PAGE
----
Traveller Law Database

C & Ors v. Galway County Council [2017] IEHC 784  

Date of Decision: Thu, 21 Dec 2017
Decision Making Body: High Court
Law Applied: Bunreacht na hÉireann, European Convention on Human Rights, European Convention on Human Rights Act 2003, Housing (Traveller Accommodation) Act 1998, Housing Act, 1988
Keywords: Article 8 ECHR, Emergency Accommodation, Educational Needs, Constitutional Rights, Accommodation, Right to Education
Full Case Details - Download Full Judgment (pdf)

This case concerned an application to the High Court to quash a decision to cease emergency accommodation following a refusal of an offer for transitional accommodation. The High Court held that the applicant failed to establish grounds for the reversal of the decision.  


The first named applicant is a single of mother of five children (who are the other applicants in the case). They are all members of the Traveller Community. The sixth applicant has autism and other medical and intellectual problems and requires educational, development and medical supports. The family had been living in the Galway City area.  

The applicants were placed in emergency accommodation from February 2017 until July 2017 after presenting themselves as homeless. The applicants had applied to be placed on the housing list in 2010. In June 2017, the applicants were offered a house by Galway County Council as transitional accommodation. It was not located in Galway City but was the only suitable accommodation available at the time.  The applicants refused the accommodation on the basis that there was not similar educational provision for the sixth named applicant as it was only available two or three days a week and not five days a week as it was in Galway City. The respondent, Galway County Council, stated that the refusal of a reasonable offer of accommodation resulted in them ceasing provision of emergency accommodation.  


The applicants wished for the decision to withdraw emergency accommodation to be quashed on the basis that it was a breach of their constitutional rights under the Irish Constitution and Article 8 of the European Convention on Human Rights (ECHR) which protects the right to private and family life and recognises the rights of Travellers to culturally appropriate accommodation.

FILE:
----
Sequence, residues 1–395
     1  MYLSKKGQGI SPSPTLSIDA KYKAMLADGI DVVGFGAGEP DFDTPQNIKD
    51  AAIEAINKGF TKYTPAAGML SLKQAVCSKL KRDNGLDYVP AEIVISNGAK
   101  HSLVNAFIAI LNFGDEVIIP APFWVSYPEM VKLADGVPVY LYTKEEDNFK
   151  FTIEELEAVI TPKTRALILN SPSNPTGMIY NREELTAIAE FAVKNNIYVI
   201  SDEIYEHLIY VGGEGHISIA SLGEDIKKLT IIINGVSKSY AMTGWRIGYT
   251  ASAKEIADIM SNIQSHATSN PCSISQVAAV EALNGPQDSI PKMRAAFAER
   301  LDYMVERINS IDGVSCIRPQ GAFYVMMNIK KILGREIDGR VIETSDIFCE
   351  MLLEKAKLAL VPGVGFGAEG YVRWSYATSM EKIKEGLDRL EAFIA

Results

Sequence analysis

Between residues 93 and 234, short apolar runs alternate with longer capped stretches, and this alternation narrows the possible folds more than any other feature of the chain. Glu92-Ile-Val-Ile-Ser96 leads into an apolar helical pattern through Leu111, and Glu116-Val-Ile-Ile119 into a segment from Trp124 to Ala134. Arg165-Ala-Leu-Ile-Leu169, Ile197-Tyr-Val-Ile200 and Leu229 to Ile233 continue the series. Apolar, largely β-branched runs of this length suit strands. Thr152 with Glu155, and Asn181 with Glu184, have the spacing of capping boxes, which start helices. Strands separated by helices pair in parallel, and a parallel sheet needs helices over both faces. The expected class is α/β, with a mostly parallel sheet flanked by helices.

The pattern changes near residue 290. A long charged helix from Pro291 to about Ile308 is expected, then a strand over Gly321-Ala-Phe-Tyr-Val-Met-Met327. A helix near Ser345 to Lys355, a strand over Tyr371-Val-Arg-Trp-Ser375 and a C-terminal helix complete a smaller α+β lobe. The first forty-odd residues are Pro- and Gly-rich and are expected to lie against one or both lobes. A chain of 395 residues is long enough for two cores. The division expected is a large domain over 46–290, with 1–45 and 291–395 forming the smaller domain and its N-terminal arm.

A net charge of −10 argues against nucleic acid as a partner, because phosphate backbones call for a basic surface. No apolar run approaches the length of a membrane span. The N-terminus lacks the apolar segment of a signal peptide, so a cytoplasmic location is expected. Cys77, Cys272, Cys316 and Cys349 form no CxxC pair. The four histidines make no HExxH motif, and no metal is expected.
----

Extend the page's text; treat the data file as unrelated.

The applicants further claimed that the respondent failed to properly evaluate their housing and education needs under s.22 of the Housing Act 2009, s.10 of the Housing Act 1998 and the ECHR. The applicants also asserted withdrawing the emergency accommodation was a failure to make proper provision for the education needs of the sixth applicant and in breach of Article 42 of the Constitution (the right to education) and in doing so the respondent failed to have regard to the applicant family’s vulnerable status.  


The judge held that the County Council should have regard to the constitutional rights that were brought froward by the applicant. However, it was held that the respondent was justified in their decision to cease the provision of emergency accommodation due to the fact that reasonable accommodation was offered, under s.2 and s.10 of the Housing Act 1998. The judge stated that the respondent did, to the best of its ability, accommodate the needs of the applicants with the resources available to them. The judge was satisfied that the applicant had provided sufficient evidence to show that the respondent had breached the applicant’s rights under the Irish Constitution or the ECHR nor to prove that the decision to withdraw emergency accommodation was unlawful or irrational.  


The judge held that the applicant failed to establish grounds to quash the decisions by the respondent.  

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